But in a Securities and Exchange Commission filing last week, Cablevision disclosed that Adelphia owes it a total of just under $18 million. That number includes payments for Rainbow networks such as Bravo, Independent Film Channel and Fox Sports Net Florida, as well as Cablevision New York Group's Madison Square Garden Network.
One source said that Rainbow's affiliate-sales force had been lenient with Adelphia because Cablevision chairman Chuck Dolan was a close friend of Adelphia founder and ex-CEO John Rigas.
"They [Rainbow] were told to back off Adelphia, so they let it slide," the source said.
Cablevision's only official comment came in its SEC filing: "The company intends to closely monitor the bankruptcy proceedings and vigorously pursue its payment rights."
The Walt Disney Co.'s fully owned networks, Disney Channel and ESPN, are owed a combined $14.2 million. Disney Channel is due $7.3 million, and ESPN $6.9 million. Disney also owns half of Lifetime Television, which is owed $4.1 million. Lifetime, ESPN and Disney's ABC Cable Networks Group declined to comment.
Adelphia has racked up $12.2 million in bills to NBC Cable, with $7.1 million owed to CNBC and $5.1 million to MSNBC. USA Network is owed $5 million. NBC Cable couldn't be reached for comment and USA declined comment.
Starz Encore Group LLC is also on the creditor list, for $11.2 million, as is pay-per-view purveyor In Demand, for $4.2 million.
Satellite Service Inc., the programming arm of AT&T Broadband, is owed $11.1 million. The MSO is Adelphia's joint-venture partner in a number of cable systems. In those systems, SSI would pay programmers and then supposedly be reimbursed by Adelphia.
SOME PAYMENTS MADE
Conspicuously missing from Adelphia's leading creditor list: Fox Cable Networks Group and Discovery Networks U.S. In Discovery's case, Adelphia has contracts with the programmer through the National Cable Television Cooperative, according to Bill Goodwyn, Discovery's executive vice president of affiliate sales and marketing.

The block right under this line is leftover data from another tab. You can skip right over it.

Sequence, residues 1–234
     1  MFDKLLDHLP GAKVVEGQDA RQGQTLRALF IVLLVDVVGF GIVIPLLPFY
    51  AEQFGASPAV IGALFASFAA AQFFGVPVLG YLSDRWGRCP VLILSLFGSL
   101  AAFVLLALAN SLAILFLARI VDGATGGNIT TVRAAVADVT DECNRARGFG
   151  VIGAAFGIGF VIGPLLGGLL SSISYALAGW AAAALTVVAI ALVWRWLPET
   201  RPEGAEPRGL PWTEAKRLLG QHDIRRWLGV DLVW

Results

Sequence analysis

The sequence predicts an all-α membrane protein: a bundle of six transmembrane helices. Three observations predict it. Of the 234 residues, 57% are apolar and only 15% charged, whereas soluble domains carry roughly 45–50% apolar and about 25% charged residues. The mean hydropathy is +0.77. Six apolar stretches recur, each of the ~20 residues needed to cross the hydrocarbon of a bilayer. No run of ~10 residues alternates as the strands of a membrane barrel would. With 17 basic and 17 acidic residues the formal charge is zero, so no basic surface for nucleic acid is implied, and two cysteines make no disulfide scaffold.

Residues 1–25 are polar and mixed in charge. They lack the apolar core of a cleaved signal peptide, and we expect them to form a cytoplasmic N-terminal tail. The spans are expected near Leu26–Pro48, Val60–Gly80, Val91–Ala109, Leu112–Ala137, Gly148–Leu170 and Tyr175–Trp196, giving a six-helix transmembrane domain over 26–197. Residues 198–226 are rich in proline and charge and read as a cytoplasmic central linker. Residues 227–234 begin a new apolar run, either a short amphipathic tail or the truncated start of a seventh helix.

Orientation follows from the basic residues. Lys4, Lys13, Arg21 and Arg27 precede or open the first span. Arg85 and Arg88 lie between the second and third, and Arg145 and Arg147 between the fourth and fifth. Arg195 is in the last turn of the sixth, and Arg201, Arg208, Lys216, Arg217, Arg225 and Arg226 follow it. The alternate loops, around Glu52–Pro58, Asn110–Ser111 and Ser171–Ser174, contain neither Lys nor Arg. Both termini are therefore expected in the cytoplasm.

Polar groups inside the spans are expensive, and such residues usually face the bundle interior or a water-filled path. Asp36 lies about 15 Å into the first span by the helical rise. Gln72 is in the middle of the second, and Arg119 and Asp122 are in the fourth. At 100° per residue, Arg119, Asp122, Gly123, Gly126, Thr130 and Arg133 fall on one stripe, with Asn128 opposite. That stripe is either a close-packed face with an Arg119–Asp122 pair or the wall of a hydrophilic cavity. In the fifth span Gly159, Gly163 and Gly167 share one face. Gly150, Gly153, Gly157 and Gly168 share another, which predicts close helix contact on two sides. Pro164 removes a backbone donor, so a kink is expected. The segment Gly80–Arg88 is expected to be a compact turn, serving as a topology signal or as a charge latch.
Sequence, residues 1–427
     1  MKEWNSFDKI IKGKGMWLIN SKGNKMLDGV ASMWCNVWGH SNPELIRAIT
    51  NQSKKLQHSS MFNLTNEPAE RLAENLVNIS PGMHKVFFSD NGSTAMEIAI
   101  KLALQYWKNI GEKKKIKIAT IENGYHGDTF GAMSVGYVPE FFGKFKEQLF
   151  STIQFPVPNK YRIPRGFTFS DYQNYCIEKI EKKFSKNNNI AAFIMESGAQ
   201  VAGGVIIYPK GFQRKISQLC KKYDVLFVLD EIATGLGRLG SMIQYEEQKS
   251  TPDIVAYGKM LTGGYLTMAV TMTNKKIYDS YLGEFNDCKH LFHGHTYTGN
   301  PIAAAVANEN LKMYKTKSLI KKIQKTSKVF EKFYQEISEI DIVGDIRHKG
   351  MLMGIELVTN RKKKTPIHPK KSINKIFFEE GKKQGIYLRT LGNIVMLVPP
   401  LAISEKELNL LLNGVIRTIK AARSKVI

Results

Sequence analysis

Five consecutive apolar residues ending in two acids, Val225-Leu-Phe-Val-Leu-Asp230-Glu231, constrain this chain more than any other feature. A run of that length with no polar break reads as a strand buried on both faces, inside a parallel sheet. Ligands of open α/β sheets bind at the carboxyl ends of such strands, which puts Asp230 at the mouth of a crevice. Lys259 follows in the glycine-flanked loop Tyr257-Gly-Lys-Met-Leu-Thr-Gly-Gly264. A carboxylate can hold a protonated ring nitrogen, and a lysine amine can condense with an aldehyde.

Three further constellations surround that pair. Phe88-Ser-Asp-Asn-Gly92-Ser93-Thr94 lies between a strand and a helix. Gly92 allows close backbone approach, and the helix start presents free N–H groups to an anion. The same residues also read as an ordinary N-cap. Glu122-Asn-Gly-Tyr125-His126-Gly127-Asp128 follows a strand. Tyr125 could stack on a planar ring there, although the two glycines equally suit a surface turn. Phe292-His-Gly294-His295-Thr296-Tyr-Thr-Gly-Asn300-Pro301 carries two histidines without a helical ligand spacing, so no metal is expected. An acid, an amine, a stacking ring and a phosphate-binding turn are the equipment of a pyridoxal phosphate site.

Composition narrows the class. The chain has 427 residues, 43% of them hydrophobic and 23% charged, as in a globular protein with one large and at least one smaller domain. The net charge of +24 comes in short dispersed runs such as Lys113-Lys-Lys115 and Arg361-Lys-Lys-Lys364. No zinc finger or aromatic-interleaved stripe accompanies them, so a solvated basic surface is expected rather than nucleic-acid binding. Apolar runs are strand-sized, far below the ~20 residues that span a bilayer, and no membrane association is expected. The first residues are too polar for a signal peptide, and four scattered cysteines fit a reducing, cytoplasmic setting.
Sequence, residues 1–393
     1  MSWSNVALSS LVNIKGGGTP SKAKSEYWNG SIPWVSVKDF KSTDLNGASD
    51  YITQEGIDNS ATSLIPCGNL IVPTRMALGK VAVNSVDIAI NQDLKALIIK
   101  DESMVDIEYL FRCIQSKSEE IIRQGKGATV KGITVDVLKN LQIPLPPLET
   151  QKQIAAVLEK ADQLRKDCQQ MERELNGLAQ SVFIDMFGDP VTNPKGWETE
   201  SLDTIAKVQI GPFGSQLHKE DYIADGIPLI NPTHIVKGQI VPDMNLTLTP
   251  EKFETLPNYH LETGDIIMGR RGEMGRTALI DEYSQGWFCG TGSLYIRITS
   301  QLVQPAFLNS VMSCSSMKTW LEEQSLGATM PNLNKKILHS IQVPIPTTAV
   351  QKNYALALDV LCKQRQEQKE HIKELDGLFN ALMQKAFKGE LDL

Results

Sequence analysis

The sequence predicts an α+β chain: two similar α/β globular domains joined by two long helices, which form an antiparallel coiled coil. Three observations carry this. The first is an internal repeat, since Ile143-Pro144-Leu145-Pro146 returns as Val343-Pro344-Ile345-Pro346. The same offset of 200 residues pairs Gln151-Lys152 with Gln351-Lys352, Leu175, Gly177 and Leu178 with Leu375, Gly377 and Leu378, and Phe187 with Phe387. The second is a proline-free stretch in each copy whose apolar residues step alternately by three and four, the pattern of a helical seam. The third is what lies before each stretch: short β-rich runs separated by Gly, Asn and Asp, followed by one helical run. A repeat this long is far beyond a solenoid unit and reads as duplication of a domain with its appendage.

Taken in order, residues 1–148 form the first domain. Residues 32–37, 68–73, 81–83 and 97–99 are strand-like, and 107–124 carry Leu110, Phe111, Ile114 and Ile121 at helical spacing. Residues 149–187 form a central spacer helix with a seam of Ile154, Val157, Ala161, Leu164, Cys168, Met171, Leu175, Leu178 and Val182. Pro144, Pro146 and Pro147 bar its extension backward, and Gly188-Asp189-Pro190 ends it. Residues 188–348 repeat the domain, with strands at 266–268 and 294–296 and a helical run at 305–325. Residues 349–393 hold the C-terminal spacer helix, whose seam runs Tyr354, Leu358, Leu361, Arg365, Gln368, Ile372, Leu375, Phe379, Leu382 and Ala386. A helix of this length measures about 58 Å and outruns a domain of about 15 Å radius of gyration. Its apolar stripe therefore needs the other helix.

The NCTC handles the administration and payment of license fees to programmers like Discovery, and is then reimbursed by members such as Adelphia. And the co-op pays its bills on time.
In Fox Cable's case, it has been vigilant keeping in touch with Adelphia, and part of that has been an effort to keep the MSO's license-fee payments as current as possible. Lindsay Gardner, Fox Cable executive vice president of affiliate sales and marketing, said he and his team have been to Coudersport six times over the past 18 months.
Over the past few weeks, Fox Cable and Turner have received sizable payments from Adelphia, according to sources. Some cable-network officials last week argued that under bankruptcy law, payments made to vendors within the 90 days before a Chapter 11 filing are considered "preferential treatment," and must go back into the funds that the MSO will use to pay its debts.
That's why programmers haven't taken any legal action to collect their money from Adelphia.
"Last month, we did receive a check for a few million dollars from Adelphia," Gardner said. "We considered it a good sign that Adelphia took its obligation seriously."
But Gardner doesn't believe that payment will have to be given back under the "preferential treatment" provision. He added that Adelphia still owes Fox Cable some money.
Turner has declined any comment on Adelphia.